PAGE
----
Detection of Plasma DNA Methylation in Peripheral Blood From Patients With Resectable Liver Cancer

Detection of Plasma DNA Methylation in Peripheral Blood From Patients With Hepatocellular Carcinoma

Sponsors

Lead Sponsor: Mayo Clinic

Collaborator: National Cancer Institute (NCI)

Source Mayo Clinic
Brief Summary

This study explores the potential values of a new blood test approach to detect measurable residual disease or early coming back of cancer (recurrence)/cancer growing, spreading, or getting worse (progression) in patients with liver cancer that can be removed by surgery (resectable). The development of novel cancer biomarkers for liver cancer may help in clinical decision making and lead to improvements in patient outcomes by facilitating prediction of the response to specific treatments, improved monitoring of patients on treatment, and better prognostication of patient outcomes, thus improving stratification for clinical trials.

Detailed Description

PRIMARY OBJECTIVES: I. To isolate plasma deoxyribonucleic acid (DNA) methylation panel from the peripheral blood of treated patients with hepatocellular carcinoma that will correlate with disease progression or measurable residual disease. II. To correlate the mutations/ DNA methylation in peripheral blood with those identified in parallel tumor samples from the same patients with hepatocellular (HCC). OUTLINE: Patients undergo collection of blood samples at 4-6 weeks prior to surgery/ablation and at 12 weeks, 6, 12, 18 and 24 months after surgery/ablation. Patients' previously collected tissue samples are analyzed. Patients' medical records are also reviewed at baseline, 4-6 weeks prior to surgery/ablation, 12 weeks, 6, 12, 18 and 24 months after surgery/ablation, and then every 6 months for 3 years.

Overall Status Not yet recruiting
Start Date 2021-05-01
Completion Date 2027-05-15
Primary Completion Date 2026-05-15
Study Type Observational
Primary Outcome
Measure Time Frame
Determine association between the MHP score and patient and tumor characteristics Up to study completion, up to 5 years
Determine association between the MHP score and patient and tumor characteristics Up to study completion, up to 5 years
Relative importance of the MHP score to individual alpha fetoprotein (AFP) levels for the prediction of hepatocellular carcinoma recurrence, Up to study completion, up to 5 years
Enrollment 500
Condition
Intervention

Intervention Type: Procedure

Intervention Name: Biospecimen Collection

Description: Undergo collection of blood sample

Arm Group Label: Observational (biospecimen collection, medical record review)

Intervention Type: Other

Intervention Name: Electronic Health Record Review

Description: Review of medical records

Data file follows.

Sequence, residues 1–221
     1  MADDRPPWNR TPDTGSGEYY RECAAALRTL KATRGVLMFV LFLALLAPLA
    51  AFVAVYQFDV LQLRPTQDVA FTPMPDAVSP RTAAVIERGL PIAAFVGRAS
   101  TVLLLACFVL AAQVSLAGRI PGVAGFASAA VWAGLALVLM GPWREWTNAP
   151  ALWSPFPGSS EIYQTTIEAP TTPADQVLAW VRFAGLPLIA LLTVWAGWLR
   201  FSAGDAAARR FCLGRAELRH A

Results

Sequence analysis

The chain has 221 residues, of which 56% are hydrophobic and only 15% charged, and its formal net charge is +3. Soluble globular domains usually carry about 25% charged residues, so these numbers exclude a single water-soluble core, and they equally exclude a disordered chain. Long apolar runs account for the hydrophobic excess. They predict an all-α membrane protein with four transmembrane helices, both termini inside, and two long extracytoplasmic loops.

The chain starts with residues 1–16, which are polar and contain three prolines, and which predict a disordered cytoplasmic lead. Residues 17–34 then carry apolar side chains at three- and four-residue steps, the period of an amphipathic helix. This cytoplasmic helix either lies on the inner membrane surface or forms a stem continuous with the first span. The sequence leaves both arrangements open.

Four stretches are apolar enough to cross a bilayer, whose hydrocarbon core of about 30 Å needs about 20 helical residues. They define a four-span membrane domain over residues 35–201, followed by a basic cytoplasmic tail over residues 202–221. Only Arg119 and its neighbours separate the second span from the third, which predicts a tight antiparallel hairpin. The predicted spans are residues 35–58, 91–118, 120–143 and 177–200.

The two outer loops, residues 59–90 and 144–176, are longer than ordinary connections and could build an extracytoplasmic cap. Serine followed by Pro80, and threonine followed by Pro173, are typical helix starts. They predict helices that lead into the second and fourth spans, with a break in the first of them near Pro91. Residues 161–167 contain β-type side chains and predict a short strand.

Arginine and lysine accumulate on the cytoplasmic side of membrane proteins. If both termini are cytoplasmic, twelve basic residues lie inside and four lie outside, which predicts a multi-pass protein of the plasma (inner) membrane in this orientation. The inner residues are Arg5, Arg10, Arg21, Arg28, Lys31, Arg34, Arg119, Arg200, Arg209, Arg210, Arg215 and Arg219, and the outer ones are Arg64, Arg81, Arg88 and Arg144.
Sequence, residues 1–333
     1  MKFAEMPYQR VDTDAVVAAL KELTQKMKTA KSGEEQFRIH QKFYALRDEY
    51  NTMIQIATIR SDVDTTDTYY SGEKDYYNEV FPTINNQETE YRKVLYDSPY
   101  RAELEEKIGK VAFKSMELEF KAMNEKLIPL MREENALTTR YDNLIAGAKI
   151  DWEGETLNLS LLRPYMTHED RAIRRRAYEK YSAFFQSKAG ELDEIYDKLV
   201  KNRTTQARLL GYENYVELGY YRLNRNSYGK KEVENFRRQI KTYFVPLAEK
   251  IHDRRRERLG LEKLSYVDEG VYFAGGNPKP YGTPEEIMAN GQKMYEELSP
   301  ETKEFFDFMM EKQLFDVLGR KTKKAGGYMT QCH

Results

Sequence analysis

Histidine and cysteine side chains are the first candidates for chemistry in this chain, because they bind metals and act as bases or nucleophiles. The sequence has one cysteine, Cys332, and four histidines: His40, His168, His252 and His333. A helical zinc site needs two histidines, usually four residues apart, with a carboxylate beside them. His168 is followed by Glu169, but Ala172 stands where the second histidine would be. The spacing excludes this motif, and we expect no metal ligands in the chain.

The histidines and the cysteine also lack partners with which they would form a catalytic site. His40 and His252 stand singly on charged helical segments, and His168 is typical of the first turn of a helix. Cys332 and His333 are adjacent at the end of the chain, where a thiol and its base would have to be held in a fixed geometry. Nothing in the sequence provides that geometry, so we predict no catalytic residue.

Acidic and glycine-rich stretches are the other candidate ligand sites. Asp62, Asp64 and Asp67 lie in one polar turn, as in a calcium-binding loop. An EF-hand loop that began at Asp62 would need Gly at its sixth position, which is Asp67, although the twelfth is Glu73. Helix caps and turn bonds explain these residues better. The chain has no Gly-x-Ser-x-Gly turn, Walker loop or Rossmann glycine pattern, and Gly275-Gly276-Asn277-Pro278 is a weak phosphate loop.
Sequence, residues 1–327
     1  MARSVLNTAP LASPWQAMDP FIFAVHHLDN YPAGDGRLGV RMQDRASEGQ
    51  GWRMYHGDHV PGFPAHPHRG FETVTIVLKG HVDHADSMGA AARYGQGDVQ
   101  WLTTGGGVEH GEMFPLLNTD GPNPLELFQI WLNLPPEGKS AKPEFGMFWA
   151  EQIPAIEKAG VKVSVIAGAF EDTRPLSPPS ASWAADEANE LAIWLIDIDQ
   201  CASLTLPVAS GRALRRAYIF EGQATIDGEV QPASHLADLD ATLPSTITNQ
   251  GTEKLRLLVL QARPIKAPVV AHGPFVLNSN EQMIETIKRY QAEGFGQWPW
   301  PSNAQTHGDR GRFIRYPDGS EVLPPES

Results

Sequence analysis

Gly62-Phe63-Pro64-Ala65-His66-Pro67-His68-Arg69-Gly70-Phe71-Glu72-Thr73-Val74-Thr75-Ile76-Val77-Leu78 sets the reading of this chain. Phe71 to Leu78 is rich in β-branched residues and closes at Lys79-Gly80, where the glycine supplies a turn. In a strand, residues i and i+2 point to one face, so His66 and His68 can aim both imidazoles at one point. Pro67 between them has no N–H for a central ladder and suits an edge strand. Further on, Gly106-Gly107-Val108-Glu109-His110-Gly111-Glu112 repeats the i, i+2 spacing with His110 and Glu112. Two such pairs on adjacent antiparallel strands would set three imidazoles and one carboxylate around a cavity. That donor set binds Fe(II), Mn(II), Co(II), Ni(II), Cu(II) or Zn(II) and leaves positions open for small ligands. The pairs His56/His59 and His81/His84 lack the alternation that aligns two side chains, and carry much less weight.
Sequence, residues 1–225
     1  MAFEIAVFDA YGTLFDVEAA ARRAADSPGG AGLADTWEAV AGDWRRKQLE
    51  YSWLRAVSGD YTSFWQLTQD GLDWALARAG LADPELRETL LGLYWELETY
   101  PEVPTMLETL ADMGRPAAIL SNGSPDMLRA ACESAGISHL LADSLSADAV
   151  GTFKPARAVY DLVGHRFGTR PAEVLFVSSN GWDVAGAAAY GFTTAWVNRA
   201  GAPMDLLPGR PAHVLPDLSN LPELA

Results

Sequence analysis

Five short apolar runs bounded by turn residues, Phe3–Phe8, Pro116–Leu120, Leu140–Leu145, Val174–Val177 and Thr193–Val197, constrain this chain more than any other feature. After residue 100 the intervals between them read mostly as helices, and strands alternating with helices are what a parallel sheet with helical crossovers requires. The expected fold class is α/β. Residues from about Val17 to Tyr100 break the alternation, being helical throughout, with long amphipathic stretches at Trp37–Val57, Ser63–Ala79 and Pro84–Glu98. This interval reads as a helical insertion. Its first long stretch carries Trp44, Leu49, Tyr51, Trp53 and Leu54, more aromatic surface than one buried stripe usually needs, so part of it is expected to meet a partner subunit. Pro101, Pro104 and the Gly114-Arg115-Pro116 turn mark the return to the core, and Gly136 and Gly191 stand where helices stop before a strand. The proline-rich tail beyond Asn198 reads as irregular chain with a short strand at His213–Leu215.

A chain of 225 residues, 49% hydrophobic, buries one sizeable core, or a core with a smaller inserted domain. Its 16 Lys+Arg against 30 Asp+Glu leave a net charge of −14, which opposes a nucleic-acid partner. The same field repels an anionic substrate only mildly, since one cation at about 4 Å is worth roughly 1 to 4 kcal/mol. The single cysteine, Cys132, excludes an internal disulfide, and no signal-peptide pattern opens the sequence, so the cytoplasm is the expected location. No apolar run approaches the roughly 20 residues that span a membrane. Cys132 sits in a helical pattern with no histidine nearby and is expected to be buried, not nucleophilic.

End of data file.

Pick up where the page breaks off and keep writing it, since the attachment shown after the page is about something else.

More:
Arm Group Label: Observational (biospecimen collection, medical record review)

Eligibility

Sampling Method:

Non-Probability Sample

Criteria:

Inclusion Criteria: - Adult, age >= 18 - Patients with resectable hepatocellular carcinoma Exclusion Criteria: - Females who are pregnant or attempt to become pregnant - Patient with significant anemia (hemoglobin [Hb] < 7g/dL) - Patient has known cancer outside of the liver 5 years prior to current blood collection (not including basal cell or squamous cell skin cancers) - Patient has had a biopsy to the target organ and/or lesion within 3 days before blood collection - Patient has had an intervention to completely remove current target pathology

Gender:

All

Minimum Age:

18 Years

Maximum Age:

N/A

Healthy Volunteers:

No

Overall Official
Last Name Role Affiliation
Nguyen H Tran Principal Investigator Mayo Clinic in Rochester
Location
Facility: Contact: Investigator: Mayo Clinic in Rochester Clinical Trials Referral Office 855-776-0015 [email protected] Nguyen H. Tran, M.D. Principal Investigator
Location Countries

United States

Verification Date

2021-04-01

Responsible Party

Type: Sponsor

Has Expanded Access No
Condition Browse
Arm Group

Label: Observational (biospecimen collection, medical record review)

Description: Patients undergo collection of blood samples at 4-6 weeks prior to surgery/ablation and at 12 weeks, 6, 12, 18 and 24 months after surgery/ablation. Patients' previously collected tissue samples are analyzed. Patients' medical records are also reviewed at baseline, 4-6 weeks prior to surgery/ablation, 12 weeks, 6, 12, 18 and 24 months after surgery/ablation, and then every 6 months for 3 years.

Study Design Info

Observational Model: Cohort

Time Perspective: Prospective

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